As I sat in my seat on the airplane taking me to LAX (getting to Reno from NYC is more difficult than you'd think!), I started to read some of the magazines I'd brought with me. My back issues pile was getting out of hand and what better way to get through it than to lug it with me and discard as I finished? It's not like I didn't have things to do, what with the fire and an upcoming "presentation" at the conference, but hey - forced relaxation!
My seatmate, on the other hand, was busy with his cell and his Crackberry. Clearly, I'd been placed next to Someone. Several times before we pushed away from the gate he made calls, placed e-mails - all work related. All Very Important. After all, he was Somebody. Then they gave us that "turn off all electronic devices" announcement. He turned off his cell. Not the Crackberry. Now, it's not like he didn't know it was still transmitting, because every time an attendant walked by, he'd palm it. But because he was Somebody, the rules didn't apply. After all, Somebody's always need to be working on a device with keys made for newborns and screens the size of credit cards, not listening to silly FAA regulations.
I felt like a dinosaur, sitting there with my Old Technology of print on paper, 8 x 11 (or larger). How very mid-last century of me. Obviously, I'm Nobody.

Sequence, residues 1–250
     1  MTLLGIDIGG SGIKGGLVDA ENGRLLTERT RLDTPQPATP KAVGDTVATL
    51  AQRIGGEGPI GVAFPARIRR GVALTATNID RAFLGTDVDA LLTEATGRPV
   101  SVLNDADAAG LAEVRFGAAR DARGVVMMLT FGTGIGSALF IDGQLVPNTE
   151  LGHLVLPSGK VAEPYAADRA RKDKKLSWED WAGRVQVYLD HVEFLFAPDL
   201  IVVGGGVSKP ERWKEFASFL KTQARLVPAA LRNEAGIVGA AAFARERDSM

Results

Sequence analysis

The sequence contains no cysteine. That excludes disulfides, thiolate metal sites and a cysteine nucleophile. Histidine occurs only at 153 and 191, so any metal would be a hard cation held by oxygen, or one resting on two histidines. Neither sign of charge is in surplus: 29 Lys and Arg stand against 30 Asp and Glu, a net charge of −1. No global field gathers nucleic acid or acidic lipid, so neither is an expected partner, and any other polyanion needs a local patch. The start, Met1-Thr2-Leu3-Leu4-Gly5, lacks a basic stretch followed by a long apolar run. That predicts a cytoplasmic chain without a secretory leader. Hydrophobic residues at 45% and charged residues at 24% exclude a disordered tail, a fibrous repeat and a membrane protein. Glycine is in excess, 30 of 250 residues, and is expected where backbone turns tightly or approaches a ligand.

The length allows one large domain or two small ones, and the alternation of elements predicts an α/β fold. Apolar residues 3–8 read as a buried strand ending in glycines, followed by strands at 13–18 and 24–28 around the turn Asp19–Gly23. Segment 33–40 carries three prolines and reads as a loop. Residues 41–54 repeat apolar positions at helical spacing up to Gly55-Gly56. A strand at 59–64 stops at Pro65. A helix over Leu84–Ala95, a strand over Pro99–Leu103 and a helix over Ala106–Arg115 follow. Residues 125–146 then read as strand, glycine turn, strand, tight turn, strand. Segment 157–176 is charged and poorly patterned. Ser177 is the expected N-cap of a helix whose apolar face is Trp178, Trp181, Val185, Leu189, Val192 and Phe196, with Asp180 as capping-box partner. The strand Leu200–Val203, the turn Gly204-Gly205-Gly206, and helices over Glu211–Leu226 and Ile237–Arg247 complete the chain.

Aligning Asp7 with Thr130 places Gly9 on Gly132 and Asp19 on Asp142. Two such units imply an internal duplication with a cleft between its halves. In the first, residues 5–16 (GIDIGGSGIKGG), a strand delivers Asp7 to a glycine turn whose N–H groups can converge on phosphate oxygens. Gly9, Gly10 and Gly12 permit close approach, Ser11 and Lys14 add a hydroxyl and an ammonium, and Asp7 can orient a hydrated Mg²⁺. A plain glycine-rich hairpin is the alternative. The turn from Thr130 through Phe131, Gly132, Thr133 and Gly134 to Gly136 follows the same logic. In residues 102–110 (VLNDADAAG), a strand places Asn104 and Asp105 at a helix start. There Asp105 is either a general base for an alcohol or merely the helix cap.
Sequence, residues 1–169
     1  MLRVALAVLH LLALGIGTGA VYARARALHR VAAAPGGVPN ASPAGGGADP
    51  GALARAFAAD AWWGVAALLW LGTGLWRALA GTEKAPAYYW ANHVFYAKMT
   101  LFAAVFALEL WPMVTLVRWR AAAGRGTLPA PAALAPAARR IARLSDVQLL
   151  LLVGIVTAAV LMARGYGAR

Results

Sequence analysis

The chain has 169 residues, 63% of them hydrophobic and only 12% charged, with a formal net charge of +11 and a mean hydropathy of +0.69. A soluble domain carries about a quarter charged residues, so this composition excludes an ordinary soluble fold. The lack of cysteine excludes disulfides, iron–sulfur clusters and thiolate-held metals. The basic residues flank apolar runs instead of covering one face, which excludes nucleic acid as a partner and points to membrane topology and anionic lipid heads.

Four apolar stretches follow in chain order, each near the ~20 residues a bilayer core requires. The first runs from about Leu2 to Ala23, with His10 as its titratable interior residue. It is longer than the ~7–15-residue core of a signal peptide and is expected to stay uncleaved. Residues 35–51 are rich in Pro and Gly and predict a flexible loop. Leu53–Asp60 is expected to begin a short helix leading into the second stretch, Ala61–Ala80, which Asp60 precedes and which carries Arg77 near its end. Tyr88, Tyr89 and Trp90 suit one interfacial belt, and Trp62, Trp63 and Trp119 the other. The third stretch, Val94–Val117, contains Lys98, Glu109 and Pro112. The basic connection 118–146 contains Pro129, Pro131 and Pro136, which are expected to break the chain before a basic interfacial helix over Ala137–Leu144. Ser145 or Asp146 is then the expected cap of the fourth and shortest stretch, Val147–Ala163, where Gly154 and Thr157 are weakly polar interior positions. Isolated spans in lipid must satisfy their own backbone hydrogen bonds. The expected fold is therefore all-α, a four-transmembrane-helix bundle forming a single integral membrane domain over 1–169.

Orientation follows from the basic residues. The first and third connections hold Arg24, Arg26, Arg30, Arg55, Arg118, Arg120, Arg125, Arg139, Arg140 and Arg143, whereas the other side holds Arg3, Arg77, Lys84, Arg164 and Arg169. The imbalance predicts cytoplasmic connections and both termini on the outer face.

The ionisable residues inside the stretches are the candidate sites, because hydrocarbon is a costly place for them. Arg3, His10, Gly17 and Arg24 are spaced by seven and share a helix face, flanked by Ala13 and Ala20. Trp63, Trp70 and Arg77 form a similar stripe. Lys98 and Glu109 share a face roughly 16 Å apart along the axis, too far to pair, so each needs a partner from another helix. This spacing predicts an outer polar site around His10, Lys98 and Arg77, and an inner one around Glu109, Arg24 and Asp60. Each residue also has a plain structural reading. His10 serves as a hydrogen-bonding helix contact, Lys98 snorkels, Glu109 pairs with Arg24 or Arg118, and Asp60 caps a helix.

Finally, I asked him to turn the thing off. He was angry. His self-justifying response was that it wasn't transmitting (sorry, I know how the damn things work and it really was transmitting). That he needed to be working the entire flight and if I didn't like it I could call an attendant (which I'm now sorry I didn't do, just to confiscate the thing). I responded that I didn't mind his working, but rules are rules and just turn it off.
Funny thing is, I did mind his working. Not because it was noisy or I was feeling guilty about not working myself, but because we're now in a society where Everyone is Someone Very Important. He couldn't take a transcontinental flight to relax - read a book, sleep, listen to music, play solitaire. He was So Important, such a Somebody, that he had to work. In my Nobodiness, I was going to finish some magazines (got through them all!), do a Sunday Times crossword or two, possibly nap.
From up in the sky, what can you really do about things on the ground? Nothing. No one is that Important, that much of a Somebody that they can't take time off. But we, as a culture, have decided that's really not the case, that we need to be (somehow) involved. Even from 30,000 feet.
This man worked for an investment bank, which made him a Somebody. He dealt with financial futures. Very Somebody-type work. Me? I work with people futures, helping teach the next generation. And I'm glad that makes me a Nobody.